International Law Studies


Hitoshi Nasu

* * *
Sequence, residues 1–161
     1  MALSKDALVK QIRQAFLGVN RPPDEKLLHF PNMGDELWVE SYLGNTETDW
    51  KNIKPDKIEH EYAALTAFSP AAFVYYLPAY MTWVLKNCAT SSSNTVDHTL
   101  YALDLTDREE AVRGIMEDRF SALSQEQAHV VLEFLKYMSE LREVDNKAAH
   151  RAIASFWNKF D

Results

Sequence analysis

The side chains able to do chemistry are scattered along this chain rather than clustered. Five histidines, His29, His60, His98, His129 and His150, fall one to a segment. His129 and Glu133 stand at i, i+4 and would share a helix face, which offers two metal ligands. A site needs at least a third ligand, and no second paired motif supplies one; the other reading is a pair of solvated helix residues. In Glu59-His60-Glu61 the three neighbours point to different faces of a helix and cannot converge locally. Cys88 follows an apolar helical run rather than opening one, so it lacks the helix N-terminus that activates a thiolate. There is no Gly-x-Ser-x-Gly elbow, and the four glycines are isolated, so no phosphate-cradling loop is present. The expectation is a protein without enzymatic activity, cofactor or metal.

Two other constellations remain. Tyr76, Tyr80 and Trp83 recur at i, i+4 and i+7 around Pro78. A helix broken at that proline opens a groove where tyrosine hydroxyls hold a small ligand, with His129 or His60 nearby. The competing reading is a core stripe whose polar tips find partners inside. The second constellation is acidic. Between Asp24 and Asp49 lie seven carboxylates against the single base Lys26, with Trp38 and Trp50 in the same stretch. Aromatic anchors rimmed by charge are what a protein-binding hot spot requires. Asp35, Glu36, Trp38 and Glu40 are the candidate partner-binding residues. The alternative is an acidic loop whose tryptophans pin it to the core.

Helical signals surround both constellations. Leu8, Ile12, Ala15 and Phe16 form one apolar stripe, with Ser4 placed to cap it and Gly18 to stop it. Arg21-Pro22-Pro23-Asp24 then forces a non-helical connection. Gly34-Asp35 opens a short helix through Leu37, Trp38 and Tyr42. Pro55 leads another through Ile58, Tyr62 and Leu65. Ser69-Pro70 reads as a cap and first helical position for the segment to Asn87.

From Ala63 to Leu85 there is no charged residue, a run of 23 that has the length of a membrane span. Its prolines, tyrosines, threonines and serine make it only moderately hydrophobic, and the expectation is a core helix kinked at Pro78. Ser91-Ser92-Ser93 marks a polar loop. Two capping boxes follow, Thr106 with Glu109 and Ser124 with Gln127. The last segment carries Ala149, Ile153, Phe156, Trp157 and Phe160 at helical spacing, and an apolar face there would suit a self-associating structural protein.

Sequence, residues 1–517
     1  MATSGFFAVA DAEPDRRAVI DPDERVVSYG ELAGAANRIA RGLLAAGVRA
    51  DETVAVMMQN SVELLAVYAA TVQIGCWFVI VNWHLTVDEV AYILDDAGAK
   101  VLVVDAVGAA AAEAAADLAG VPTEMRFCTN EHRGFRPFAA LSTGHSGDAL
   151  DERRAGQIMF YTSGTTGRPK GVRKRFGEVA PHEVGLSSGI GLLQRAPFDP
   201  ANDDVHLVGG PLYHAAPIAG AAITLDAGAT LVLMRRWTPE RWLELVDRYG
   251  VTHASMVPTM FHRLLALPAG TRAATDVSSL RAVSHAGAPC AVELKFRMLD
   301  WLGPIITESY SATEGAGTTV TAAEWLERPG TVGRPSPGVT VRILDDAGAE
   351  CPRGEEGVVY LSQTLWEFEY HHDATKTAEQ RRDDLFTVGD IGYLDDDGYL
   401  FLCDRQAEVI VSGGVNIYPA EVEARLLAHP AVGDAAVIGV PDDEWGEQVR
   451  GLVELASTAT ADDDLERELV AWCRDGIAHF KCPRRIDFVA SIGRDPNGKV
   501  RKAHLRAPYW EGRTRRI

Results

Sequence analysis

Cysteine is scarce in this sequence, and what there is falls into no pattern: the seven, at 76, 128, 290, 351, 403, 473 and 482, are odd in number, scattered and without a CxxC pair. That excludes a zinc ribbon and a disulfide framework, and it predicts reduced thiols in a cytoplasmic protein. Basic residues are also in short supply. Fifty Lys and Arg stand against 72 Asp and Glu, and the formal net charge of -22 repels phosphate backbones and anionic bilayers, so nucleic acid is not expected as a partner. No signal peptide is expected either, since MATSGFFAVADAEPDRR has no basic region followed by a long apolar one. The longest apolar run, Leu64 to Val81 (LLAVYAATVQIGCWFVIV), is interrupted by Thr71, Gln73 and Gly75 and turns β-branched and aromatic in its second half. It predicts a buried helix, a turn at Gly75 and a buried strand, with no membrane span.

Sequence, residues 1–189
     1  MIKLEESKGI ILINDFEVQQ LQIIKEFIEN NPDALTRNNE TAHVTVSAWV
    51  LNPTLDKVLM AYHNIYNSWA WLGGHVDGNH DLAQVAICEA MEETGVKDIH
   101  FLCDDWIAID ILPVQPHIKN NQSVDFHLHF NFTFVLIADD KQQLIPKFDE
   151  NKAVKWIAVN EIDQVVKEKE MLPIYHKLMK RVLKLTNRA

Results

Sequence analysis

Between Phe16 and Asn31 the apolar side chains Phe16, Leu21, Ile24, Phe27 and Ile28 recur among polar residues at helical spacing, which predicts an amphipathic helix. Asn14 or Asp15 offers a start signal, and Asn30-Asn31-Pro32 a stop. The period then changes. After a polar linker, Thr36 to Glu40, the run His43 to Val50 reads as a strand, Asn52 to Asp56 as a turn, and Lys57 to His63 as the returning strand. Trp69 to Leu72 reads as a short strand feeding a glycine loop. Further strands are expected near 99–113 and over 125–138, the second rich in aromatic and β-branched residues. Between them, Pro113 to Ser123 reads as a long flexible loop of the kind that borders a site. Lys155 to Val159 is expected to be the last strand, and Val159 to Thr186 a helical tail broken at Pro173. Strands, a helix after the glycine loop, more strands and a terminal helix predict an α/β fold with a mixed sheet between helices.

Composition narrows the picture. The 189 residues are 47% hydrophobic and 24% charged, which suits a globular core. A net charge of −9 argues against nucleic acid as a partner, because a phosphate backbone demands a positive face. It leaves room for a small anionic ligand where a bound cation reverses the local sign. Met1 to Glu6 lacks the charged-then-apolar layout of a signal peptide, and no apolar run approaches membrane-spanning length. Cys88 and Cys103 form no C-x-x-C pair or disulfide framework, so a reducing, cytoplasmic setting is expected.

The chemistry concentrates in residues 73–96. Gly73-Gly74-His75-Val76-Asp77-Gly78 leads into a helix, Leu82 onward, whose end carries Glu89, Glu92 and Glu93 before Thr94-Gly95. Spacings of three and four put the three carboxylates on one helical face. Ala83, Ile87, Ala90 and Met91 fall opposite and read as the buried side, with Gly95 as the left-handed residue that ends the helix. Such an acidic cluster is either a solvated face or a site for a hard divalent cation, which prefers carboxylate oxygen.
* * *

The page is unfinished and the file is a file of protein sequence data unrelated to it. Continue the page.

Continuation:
With the development and greater availability of counter-space capabilities, satellites are becoming a prime target of military threats. However, the legal assessment for the targeting of a satellite requires careful analysis because of its impacts on terrestrial activities and the potential to affect the rights and interests of third parties when their payloads are carried by the targeted satellite. With these two unique characteristics in mind, this article unravels the complexity of international legal regimes applicable to military operations conducted against a satellite by contrasting threshold legal considerations necessary for the identification and application of relevant legal requirements under the law governing the use of force (jus ad bellum) and those under the law governing the conduct of hostilities in situations of armed conflict (jus in bello). It finds that while its terrestrial impact is arguably relevant under the jus ad bellum and more so under the jus in bello to the legal characterization of satellite targeting and the identification of an injured or belligerent State, there is no need to afford special protection to the rights and interests of a third State that may be affected as a result of the operation.